Friday, October 20, 2006

Not dead yet


…HA has a friend whose 90-year-old father had a hernia. The doctor blew it off, saying, “Why don’t we let God take care of it?”

…What the heck does that mean? When he dies it won't be a problem?

…The man had surgery and is fine now.

…There was also a story this weekend about how elderly women are often undertreated for breast cancer.

…HA always asks doctors if they treat a lot of elderly people before she commits to them for her mother.

…Writing in the New York Times (Oct 18, 2006), Jane Gross cites a case in which a 97-year-old was about to get some surgery, when a geriatrician noted that older people often don’t high fevers with infections and she might just have an infection. She did.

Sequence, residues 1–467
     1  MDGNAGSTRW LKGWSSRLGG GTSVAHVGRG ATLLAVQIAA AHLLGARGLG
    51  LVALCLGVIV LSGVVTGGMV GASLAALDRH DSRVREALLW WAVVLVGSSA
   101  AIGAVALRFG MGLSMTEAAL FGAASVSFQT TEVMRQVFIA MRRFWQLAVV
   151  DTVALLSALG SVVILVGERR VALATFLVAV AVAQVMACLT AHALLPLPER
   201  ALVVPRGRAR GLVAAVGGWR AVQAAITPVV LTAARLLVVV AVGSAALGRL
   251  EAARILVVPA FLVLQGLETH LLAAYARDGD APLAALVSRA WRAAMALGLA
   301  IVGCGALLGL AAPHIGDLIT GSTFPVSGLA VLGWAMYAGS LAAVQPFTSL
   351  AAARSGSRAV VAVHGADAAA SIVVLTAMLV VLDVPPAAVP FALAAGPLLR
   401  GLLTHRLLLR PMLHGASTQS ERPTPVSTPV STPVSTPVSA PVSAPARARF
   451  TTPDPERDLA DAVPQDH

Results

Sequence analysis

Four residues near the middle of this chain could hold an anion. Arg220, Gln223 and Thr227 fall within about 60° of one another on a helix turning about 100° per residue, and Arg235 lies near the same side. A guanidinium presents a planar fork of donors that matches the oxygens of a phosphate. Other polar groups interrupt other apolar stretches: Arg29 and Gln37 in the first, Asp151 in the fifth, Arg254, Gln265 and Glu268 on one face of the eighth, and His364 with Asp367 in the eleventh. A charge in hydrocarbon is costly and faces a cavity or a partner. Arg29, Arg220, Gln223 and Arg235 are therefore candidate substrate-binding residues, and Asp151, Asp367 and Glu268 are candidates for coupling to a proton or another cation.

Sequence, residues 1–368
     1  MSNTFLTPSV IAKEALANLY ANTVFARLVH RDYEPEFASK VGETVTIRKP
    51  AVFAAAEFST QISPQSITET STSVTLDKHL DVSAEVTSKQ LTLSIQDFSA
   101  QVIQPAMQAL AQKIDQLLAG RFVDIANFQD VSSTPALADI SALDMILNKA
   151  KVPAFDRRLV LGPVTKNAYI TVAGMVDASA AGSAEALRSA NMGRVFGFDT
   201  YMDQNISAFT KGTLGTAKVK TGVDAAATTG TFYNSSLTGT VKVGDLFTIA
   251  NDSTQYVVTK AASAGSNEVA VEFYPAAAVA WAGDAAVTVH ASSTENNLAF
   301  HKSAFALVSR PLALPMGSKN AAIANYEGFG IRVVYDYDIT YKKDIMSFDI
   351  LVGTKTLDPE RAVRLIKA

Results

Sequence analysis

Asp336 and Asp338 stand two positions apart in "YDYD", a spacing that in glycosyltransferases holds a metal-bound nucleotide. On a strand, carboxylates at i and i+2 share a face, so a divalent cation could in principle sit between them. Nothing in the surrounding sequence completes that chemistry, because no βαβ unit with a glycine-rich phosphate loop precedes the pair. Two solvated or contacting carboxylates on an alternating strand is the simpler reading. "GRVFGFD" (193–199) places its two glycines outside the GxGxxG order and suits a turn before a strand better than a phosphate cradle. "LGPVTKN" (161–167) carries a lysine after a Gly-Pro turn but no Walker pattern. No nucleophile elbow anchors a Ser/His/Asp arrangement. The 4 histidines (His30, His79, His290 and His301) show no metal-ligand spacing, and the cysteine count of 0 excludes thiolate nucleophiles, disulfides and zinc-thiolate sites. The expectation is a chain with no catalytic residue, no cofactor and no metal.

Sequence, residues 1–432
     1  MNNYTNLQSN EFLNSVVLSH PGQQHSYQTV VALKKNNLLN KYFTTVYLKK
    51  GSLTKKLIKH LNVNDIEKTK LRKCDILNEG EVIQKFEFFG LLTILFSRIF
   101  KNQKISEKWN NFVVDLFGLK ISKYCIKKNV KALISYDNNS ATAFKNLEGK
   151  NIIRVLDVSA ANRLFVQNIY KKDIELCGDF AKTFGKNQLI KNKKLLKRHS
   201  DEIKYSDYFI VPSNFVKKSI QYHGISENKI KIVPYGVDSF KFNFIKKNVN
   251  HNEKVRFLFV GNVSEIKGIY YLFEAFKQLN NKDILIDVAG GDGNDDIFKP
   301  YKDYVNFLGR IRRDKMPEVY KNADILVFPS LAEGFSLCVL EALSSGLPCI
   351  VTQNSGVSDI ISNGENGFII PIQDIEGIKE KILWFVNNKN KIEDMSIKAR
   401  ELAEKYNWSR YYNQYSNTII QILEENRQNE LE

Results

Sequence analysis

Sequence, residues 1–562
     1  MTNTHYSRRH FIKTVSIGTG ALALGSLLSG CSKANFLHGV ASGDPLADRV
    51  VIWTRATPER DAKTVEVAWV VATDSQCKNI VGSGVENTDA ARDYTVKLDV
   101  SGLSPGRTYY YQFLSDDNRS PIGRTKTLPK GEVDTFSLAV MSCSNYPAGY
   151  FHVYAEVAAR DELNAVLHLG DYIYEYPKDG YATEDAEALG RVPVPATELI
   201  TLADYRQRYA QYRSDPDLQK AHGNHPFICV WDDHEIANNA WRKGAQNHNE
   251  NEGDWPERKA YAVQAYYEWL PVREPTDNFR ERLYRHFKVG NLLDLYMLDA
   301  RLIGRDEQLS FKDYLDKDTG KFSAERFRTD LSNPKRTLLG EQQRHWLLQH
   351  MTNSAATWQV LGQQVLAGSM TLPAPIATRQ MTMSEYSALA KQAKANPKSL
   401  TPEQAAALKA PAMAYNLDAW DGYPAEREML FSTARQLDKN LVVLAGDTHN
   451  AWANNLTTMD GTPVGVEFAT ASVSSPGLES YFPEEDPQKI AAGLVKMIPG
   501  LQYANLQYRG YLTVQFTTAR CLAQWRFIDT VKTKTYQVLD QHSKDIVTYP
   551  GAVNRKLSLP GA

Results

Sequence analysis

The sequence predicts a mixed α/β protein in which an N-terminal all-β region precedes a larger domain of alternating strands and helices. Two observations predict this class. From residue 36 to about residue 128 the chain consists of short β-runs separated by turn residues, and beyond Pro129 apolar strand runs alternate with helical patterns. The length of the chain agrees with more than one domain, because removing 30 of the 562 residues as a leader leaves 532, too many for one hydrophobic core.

…Geriatricians are in short supply. They are paid poorly and don’t glom onto the glory in medicine (cardiology, oncology).

…Of 145 med schools in the US, only 9 have geriatrics depts.

…Geriatricians have to manage multiple ailments and multiple drugs in the same patient. Their dementia, so-called, can actually be treatable depression. This is not an easy specialty, yet one such said a pulmonologist he knew used to shake his head when passing him in the hall and say, “What a waste of a mind.”

…The appeal of the job is based on reimbursement in some cases. Gastroenterology became more appealing when Medicare began paying for colonoscopies. One geriatrician joked that they need a geriscope.

…In a lot of cases, the geriatrician‘s job is to not stress delicate systems with unnecessary, just-in-case testing.

…Some geriatricians think the best way to deal with the coming bulge of old people in the health system is to teach core principles to all doctors, because there may not be enough geriatricians to go around.

…HA’s mother was hospitalized once and the nurse apparently did not understand dementia and trussed her up in restraints like a Christmas goose.

…Uh, her catheter was in wrong and it hurt.

...What's more, she probably didn't need one in the first place.

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